"Too good to keep cooped up" is right! Joe took Don, Ellie, Chris and I out to go snorkeling in a beautiful islet just north of Likiep Islet. He hops right in and out of his boat like he's a teenager. Here's a picture of Joe with his boat, "Titanic" at the snorkeling spot he took us to:

Here's another couple pictures of the place we were snorkelling. It was absolutely breathtaking!

This is a traditional Marshallese Outrigger Canoe. And this picture is me:

The snorkelling was amazing there! My camera can't go underwater, but I "borrowed" someone else's pictures (from the internet) to show you some of the things I saw:



While snorkeling, I saw something very large and bright yellow (banana yellow) under some coral. It freaked me out, and I called to Don. He came over and verified that it was a Nurse Shark (which I have since learned are very lazy and not very agressive...thankfully!). He was only about 3 feet long, just a baby. I didn't want to hang around for long, but he was really, really cool. Later I saw a:
small Giant Clam! I know that sounds like an oxymoron, but it was a Giant Clam that was only 6 inches long. His bright blue velvet-like inside opened and closed as he fed on yummy stuff floating by. Later, back at the hotel, there were hundreds of silver sardines in a school. They were so thick that you could hardly tell the difference between the sardines and the water. And there were so many of them that we could hear them swimming away when we chased them. There was also a family of periwinkle blue Parrot Fish (about 2 feet long and fat) swimming quite close to shore, and I was almost able to keep up with them. This picture is our group with Joe and Yumiko on the front porch of the hotel. I never realized how tall I was until I saw myself next to Joe in this picture:

We had to bring food for the trip with us since there are no supermarkets on Likiep and so Janet, who used to be a professional chef planned the meals, and boy, did we eat!! If you ever get the chance to spend 4 days on a remote tropical island with a professional chef who loves to cook in her free time, I'd highly recommend it. We ate like crazy!! It was really nice!
We were there on Good Friday, so Ellie, Don and I went with Yumiko (who is quite devout) to the Catholic Church for Stations of the Cross:

It started in the brightly painted church and the group formed a procession to different houses on the island. Each house had made a small display surrounding a painting on tiles depicting one of the events from Jesus' last day on earth. We didn't understand much because it was in Marshallese, but it was very nice to spend some time remembering what happened. We joked about how Yumiko was probably the first person on her island to bring a Methodist, a Mormon, and Jew to Stations of the Cross. Had Chris come along, we would have had an Agnostic, too, but he stayed behind. It was nice, until it started to pour down rain around Station #11. There were actually 14 stations, but I though there were only 12, so I stuck it out for a couple stations in the rain and then went back to the hotel.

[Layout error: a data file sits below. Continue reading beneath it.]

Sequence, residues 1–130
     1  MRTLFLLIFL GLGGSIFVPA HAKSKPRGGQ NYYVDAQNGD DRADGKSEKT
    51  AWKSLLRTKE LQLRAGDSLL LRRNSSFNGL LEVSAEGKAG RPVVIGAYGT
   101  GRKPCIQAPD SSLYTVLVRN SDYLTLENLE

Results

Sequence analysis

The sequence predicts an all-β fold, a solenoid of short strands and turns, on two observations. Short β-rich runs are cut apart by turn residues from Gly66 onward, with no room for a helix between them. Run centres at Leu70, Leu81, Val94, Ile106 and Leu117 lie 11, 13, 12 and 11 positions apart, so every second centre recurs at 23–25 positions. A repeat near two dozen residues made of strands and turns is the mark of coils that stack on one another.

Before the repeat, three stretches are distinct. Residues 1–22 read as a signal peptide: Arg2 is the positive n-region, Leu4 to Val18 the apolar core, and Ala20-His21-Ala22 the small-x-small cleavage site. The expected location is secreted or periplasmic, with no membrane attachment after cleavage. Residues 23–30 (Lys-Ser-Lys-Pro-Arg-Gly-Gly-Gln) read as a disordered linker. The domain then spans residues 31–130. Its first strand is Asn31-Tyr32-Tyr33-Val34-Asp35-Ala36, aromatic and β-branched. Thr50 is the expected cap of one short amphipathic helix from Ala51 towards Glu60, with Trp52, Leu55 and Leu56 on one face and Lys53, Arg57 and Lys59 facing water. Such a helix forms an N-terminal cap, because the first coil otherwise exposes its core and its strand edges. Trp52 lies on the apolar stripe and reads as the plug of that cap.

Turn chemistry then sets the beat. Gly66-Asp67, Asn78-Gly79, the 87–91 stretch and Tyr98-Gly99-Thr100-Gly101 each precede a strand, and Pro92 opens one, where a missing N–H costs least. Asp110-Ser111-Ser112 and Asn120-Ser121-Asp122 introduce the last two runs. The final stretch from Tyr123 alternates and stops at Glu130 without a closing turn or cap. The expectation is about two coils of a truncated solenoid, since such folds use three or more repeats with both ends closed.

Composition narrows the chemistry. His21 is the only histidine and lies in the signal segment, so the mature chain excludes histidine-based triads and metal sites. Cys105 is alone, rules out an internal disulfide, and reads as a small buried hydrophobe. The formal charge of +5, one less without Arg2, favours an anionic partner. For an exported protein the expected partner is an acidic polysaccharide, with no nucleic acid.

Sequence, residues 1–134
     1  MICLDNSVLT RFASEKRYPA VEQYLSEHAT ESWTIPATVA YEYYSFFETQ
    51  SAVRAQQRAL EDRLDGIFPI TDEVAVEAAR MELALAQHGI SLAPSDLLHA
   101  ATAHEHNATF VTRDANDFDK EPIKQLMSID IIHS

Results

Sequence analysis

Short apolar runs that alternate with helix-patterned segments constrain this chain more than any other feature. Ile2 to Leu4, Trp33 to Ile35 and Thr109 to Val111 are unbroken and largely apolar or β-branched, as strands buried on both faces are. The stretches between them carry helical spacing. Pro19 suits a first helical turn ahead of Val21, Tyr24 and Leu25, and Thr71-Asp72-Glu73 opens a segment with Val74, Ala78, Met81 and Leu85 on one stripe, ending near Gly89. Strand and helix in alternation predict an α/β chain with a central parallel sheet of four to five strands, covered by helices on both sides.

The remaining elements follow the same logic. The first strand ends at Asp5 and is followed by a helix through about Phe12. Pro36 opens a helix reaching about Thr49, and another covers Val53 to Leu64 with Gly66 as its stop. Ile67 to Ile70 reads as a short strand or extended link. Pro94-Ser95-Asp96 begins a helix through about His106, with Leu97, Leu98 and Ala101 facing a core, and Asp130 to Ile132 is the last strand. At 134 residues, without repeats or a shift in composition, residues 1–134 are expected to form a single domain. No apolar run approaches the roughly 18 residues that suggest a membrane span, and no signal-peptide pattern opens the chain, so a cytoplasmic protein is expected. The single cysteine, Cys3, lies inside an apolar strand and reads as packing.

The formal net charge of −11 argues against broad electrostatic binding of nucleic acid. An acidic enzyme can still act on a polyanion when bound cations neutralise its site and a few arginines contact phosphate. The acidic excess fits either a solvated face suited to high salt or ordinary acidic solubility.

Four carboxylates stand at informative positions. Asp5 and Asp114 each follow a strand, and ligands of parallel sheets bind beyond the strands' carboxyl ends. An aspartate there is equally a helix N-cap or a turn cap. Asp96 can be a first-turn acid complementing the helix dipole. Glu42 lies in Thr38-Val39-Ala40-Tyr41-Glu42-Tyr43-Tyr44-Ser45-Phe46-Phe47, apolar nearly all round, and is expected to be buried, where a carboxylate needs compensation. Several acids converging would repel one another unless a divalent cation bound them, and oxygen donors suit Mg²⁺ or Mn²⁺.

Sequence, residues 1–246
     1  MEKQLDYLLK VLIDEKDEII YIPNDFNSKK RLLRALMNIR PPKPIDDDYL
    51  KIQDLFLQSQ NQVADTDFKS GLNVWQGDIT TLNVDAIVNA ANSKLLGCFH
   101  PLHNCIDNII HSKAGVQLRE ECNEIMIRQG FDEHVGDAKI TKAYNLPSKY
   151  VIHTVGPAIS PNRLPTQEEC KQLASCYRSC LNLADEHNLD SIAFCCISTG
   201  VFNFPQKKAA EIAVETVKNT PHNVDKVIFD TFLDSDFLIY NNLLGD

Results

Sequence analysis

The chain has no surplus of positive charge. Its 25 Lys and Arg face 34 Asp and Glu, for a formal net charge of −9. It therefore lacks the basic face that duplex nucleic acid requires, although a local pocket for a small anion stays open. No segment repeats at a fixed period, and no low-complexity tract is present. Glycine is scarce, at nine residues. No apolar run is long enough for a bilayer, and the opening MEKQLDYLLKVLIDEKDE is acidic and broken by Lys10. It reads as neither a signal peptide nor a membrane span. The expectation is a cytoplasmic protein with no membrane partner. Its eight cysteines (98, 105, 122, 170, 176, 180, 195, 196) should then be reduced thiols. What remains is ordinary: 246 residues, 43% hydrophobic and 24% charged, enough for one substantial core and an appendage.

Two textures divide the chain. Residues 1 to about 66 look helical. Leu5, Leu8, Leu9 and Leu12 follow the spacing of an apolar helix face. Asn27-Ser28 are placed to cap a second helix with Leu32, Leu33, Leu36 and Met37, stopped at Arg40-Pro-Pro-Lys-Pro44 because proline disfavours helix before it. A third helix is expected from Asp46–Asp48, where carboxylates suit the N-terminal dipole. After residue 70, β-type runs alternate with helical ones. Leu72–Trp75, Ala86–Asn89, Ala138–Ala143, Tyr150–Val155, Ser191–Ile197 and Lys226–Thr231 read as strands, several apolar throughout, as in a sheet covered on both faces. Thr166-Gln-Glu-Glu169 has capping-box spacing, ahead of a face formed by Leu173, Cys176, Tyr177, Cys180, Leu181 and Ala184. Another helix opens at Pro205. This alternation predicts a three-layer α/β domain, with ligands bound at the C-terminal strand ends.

Later in the day we went out on "Janet's Historical Tour" of the island, and on the way we met kids and gave them Bazooka gum. They too were very much more shy than Majuro kids. Majuro kids see gum and they're not afraid to jump all over you, but it took a little more coaxing to interact with Likiep kids. They probably just aren't as used to seeing foreigners coming. Here's a couple pictures that Chris took the gum-passing-out. Unfortunately, most of Chris' pictures are of my back side:

We bought some handicrafts from local people, including beautiful carved outrigger canoes (notice the 30 inch long Canoe that Don is holding in the group photo above covers up almost half of Joe). Likiep artists are famous for their beautiful carved canoes, and I can see why:
By the time we left, Joe and Yumi were like family to us, and we were beginning to like the slow life of Likiep. Most people go to bed when the sun goes down. For those who don't, at 8pm the church bell is struck which indicates curfew for children and young people, and then at 10pm another bell strike is made indicating it's time for adults to head home. If only life was that quiet and peaceful everywhere!

The plane that took us back was quite late (like 5 hours late). That's pretty standard. The whole town was out at the airport again, and many of them stayed the whole 5 hours to see who was coming and who was going. We flew over Ebeye and stopped at Kwajelein US Army Base to refuel on our way home. That is a very, very interesting story...the extremes between life on Kwajelein Islet (the base) and life in the neighboring islet of Ebeye. I got some pictures, but it's late tonight, and I need to go home, so I'll save it for another day. In searching the internet I found another photo journal created by a visitor to Likiep which might be of interest. Here's the address: http://marshall.csu.edu.au/Marshalls/html/ONeill/Likiep.html Good night everyone!

1 comment:

Jane said...

The pictures are so beautiful! We had a day delay when we went to the RMI due to a problem with the plane...it does worry you to get on it LOL